Chopped onions, mushrooms and garlic simmer in the pan with a little olive oil. I add a handful of spinach and push everything around with a wooden spoon.
“Here we are in the kitchen of the famous writer,” says my girl.
Wearing her soft white pajamas with gold snowflakes, she points a camera at me and talks in a tumble of quick words, her sweet voice trying to mimic the cadence of the reporters she hears on NPR.
“You may know her from her famous blog, but she is also writing two novels which are sure to be New York sellers.”
She walks closer and I turn, aware of my dirty apron and unwashed hair. The camera is on my face now.
“Can I ask you a few questions?”
“When you’re famous, will you allow your books to be made into movies?”
“I know you doubt your acting skills, but if given the chance, would you star in the movie?”
“No. I’d leave it to the professionals.”
“You could, you know.”
“Thanks, but it isn’t something I even want.”
I stare at her through the camera, my tone serious. Teachable moment.
“You do know I may never finish my book, and it may never be published. You know that, right?”
She sighs and smiles.
“You will mom, and you are already famous,” she says. “Because you’re awesome.”
She turns the camera on herself.
“Well, there you have it, folks. A short interview with the famous writer as she cooks dinner. Tune in tomorrow when we interview a leprechaun about the true secrets of the rainbow.”
She walks into the next room and I hear her playing the video back to herself. I wonder what she is thinking as she watches it.
Does she see the bags under my eyes or the way I cringed when she called me “famous writer”?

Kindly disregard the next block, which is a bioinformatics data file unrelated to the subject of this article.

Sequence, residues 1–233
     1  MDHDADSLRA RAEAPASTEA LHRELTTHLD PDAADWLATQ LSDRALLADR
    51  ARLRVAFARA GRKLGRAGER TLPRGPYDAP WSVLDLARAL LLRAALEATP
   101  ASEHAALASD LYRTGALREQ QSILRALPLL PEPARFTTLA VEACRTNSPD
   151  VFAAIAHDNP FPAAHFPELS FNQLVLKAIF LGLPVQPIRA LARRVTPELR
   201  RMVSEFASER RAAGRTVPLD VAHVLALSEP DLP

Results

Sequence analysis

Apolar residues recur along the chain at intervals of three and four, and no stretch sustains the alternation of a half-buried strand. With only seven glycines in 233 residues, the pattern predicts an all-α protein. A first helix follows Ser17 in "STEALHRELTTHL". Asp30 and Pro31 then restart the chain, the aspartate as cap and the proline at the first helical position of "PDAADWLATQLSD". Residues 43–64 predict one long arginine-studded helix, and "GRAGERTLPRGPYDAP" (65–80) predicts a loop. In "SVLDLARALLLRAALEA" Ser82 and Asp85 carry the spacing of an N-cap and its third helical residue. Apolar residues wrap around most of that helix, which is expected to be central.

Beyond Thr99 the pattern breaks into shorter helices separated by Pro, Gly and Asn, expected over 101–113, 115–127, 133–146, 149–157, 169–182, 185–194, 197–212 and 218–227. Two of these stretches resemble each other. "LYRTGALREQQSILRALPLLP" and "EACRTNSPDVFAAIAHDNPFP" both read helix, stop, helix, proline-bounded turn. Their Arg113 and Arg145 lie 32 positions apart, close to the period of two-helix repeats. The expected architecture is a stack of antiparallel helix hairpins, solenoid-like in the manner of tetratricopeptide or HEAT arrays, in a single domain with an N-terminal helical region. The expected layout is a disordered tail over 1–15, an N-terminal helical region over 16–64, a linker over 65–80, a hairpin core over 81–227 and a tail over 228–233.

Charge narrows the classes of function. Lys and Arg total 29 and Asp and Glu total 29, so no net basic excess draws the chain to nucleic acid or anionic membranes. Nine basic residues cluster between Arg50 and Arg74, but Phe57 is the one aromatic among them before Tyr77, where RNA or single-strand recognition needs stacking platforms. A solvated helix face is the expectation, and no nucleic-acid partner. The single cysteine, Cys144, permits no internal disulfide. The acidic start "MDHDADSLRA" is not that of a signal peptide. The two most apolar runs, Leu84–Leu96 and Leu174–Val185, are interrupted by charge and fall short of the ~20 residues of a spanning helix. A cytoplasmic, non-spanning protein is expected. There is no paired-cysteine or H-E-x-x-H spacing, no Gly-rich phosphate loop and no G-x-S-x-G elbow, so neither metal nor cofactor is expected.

Does she know how much I fear I’ll never finish writing anything?
Can she possibly understand the enormous feelings her little interview exploded inside me as I cooked a frittata on a Monday night?
Thank goodness the answer is no. She is 10 years old, all she knows is she loves her mother and she believes I can do anything. I’m still a hero to her, someone to look up to, someone to admire.
Like all aspects of motherhood, it’s crushing, suffocating, messy, confusing and fucking wonderful all at once.
I don’t want to let her down.
I’ve always told her she could do whatever she wants in life.
“You are only limited by your own fears.”
I worry I will fail, and she will watch it, and all her hopes and dreams will crash along with mine. She won’t believe me anymore and I will have broken her.
I worry she will watch the video years down the road, when I am gone, sad her mother never finished those books she always talked about.
She is watching me.
She sees me trying, hears me reading sentences out loud to myself, watches me rush to scribble something on a piece of paper, listens as I tell her something new I figured out about one of my characters and hears me cry when I think I’m alone and everything feels too big.
She is watching me.
Fear and self-doubt, like Oden’s ravens, sit on my shoulders. They mock me, tell me how foolish, stupid and boring I am. Famous writer. Blah.
Yet I keep going.
I’m crafting stories and characters and worlds. It’s hours of tedious work, reworking the same sentences over and over until they read exactly as I want them to, mixed with a tiny moment where the magic sends a shiver through my entire body and I feel life pure and whole and without edit.
I don’t know how this story ends, but she is watching me.